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Lithuania is a country in Northern Europe. It's one of the three Baltic states, it is situated along the southeastern shore of the Baltic Sea, to the east of Sweden and Denmark. It is bordered by Latvia to the north, Belarus to the east and south, Poland to the south, and Kaliningrad Oblast to the southwest. Lithuania's capital and largest city is Vilnius and the estimated country's population is 3 million people.
Lithuania well-being depends heavily on trade, particularly with other republics of the former Soviet Union. In 2000, total Lithuania imports were valued at $5.5 billion, and exports at $3.8 billion. In the mid-to-late 1990s, Lithuania started to develop more active trading with Western nations, thus reducing its reliance on trade with former Soviet republics. Trade with the West increased from 15% to 60% between 1990 and 1995, while trade with former Soviet republics fell from 78% in 1990 to 40% in 1995. But we still see that the major importing partner of Lithuania is Russia and Asian countries.
Statistics say that 56% of imported goods in Lithuania in 2011 came from the EU countries - 37% from CIS countries. Russia dominates imports (33% of total 2011 import volume), then followed by Germany (10%), Poland (9%) and the neighboring Baltic country of Latvia (7%).
A significant part of Lithuania's imports is comprised of energy - that's why we see why the country's imports depend on Russia so much.
Top 5 Products imported by Lithuania:
- Crude Petroleum (21%)
- Petroleum Gas (4.8%)
- Refined Petroleum (4.1%)
- Cars (3.6%)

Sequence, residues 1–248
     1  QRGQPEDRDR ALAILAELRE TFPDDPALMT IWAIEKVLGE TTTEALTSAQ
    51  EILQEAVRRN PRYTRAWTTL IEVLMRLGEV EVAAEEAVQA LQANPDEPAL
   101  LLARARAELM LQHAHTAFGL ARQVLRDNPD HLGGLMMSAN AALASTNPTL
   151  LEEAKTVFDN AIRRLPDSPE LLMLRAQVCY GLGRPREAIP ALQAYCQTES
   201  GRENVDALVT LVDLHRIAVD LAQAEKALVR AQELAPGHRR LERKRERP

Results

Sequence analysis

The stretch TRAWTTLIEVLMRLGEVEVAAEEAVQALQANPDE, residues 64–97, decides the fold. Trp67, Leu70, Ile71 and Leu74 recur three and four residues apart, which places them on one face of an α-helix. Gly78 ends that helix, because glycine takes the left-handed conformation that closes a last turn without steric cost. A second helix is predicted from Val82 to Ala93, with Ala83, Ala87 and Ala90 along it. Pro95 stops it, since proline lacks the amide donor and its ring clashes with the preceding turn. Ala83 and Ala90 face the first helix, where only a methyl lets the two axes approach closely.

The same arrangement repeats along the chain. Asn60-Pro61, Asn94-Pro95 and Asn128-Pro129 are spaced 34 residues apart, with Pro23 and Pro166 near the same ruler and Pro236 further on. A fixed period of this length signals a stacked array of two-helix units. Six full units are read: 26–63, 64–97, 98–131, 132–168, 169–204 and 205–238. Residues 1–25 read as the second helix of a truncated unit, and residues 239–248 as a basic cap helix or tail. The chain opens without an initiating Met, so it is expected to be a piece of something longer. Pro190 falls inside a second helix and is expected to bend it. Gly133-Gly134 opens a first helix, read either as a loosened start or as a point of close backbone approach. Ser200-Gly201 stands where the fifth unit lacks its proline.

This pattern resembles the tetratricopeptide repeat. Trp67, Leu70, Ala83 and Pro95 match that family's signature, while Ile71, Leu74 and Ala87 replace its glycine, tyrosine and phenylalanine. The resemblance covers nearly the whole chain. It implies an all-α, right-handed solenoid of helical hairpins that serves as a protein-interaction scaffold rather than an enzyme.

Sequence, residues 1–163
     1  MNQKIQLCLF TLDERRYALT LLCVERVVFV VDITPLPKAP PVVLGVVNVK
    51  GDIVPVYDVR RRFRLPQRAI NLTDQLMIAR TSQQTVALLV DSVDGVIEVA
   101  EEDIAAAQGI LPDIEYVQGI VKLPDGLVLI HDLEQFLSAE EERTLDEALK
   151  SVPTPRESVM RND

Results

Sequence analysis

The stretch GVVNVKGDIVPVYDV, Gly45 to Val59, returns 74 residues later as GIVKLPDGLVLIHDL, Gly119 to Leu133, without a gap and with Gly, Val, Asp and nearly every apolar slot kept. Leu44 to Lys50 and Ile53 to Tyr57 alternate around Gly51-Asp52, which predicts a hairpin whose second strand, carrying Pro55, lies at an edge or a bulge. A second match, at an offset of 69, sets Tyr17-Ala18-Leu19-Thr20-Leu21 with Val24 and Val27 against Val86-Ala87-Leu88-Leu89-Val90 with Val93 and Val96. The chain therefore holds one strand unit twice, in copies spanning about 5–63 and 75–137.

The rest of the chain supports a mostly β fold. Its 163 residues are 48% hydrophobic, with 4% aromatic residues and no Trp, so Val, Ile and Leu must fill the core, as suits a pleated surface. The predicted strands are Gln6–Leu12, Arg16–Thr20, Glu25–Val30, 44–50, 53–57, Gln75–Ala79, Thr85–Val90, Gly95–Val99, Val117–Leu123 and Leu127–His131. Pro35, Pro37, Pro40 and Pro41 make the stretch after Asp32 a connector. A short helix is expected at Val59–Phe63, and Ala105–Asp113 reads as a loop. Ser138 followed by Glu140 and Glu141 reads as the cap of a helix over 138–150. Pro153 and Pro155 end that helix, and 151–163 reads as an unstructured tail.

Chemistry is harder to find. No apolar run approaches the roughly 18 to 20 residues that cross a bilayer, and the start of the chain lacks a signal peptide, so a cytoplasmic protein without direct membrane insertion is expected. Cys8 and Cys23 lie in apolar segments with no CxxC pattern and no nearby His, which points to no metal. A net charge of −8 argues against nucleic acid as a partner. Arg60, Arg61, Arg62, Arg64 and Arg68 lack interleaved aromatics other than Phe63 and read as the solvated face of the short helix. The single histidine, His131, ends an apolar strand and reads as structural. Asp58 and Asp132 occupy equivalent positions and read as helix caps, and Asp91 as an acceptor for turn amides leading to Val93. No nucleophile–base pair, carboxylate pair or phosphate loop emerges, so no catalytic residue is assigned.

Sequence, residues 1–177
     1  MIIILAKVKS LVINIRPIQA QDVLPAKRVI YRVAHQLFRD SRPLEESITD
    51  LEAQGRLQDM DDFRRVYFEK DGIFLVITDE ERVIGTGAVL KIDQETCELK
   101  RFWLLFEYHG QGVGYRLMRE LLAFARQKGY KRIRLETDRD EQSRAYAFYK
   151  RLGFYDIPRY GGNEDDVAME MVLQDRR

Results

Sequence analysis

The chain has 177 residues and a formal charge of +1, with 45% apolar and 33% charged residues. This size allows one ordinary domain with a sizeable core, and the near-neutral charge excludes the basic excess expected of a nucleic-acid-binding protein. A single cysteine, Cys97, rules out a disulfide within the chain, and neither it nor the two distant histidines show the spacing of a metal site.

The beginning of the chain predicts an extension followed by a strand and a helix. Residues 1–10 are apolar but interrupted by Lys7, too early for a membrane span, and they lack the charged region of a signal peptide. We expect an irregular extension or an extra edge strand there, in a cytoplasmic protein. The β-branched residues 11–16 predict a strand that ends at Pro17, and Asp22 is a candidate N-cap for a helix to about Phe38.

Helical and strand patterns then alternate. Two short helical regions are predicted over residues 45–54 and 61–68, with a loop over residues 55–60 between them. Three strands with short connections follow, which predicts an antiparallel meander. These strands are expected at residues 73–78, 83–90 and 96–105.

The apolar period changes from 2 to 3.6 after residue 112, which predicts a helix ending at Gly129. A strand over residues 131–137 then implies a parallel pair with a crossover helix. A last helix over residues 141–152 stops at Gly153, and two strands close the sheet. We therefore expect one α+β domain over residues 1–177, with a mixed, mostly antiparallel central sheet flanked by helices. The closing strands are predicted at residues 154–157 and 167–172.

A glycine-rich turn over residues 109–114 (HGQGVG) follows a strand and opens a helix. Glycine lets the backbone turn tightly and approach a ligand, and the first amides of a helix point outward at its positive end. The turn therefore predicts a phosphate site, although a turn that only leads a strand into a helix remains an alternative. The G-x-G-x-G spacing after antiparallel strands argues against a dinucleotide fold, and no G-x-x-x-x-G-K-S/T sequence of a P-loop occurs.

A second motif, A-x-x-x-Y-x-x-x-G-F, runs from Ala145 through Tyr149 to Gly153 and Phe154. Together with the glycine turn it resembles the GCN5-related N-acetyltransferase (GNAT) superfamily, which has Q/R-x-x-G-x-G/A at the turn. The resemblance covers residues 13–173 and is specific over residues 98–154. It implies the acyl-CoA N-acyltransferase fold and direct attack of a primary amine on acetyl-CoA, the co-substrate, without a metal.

- Packaged Medicaments (2.3%)
Lithuania is a country situated on the eastern shore of the Baltic Sea and borders Latvia on the north, Belarus on the east and south, and Poland and the Kaliningrad region of Russia on the southwest. It is a land of gently rolling hills, many forests, rivers, streams and lakes. Its principal natural resource is agricultural land.
Lithuania is a member of the European Union and the biggest economy among the three Baltic states. GDP per capita reached $17,800 in 2008 and was higher than all of its neighbors - Latvia, Poland, Russia, and Belarus.
Lithuania export plays a significant role in Lithuania's trade and economy. Trade forms an important basis of the country's foreign relations. Lithuania has well-developed and bilateral trade relations with a number of countries, especially Western European nations and U.S.A. Other countries with which Lithuania trades the most include the other Baltic states, Denmark, Poland, France, Germany, Russia and Iceland.
Exports form a major aspect of the country's foreign trade. The major exports of Lithuania include food, live animals and manufactures. Agricultural products like fish, milk, butter, cheese etc are exported to other countries. About 80% of the agricultural exports of Lithuania go to Russia, it's main trading partner in import and export.
Lithuania's commercial exports consist mostly of mineral products (mineral fuels, mineral oils and products of their distillation; bituminous substances; mineral waxes), foodstuffs, machinery and mechanical appliances, electrical equipment and chemicals. Refined petroleum products make up Lithuania's most beneficial export commodity (18%), followed by fertilizers (5.1%) and furniture (3.5%). Other export commoditiesof Lithuania include wood (2.9%), transistors (3.3%), and automobiles (2.7%).
Lithuania's trading partners in export are Russia, Latvia, Germany and Poland, North America and South African Custom Union.
External trade of Lithuania in terms of exports by country is as follows: the largest recipients are the closest neighboring countries: 17% of Lithuania's exports of goods went to Russia, 10% to Latvia, 9% to Germany, while Estonia and Poland took 7% each.